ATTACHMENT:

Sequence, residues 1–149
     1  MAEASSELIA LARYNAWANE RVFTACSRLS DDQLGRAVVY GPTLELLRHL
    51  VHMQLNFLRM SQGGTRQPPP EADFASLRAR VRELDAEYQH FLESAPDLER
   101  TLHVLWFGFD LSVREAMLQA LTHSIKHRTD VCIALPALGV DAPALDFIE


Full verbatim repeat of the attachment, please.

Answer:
Sequence, residues 1–149
     1  MAEASSELIA LARYNAWANE RVFTACSRLS DDQLGRAVVY GPTLELLRHL
    51  VHMQLNFLRM SQGGTRQPPP EADFASLRAR VRELDAEYQH FLESAPDLER
   101  TLHVLWFGFD LSVREAMLQA LTHSIKHRTD VCIALPALGV DAPALDFIE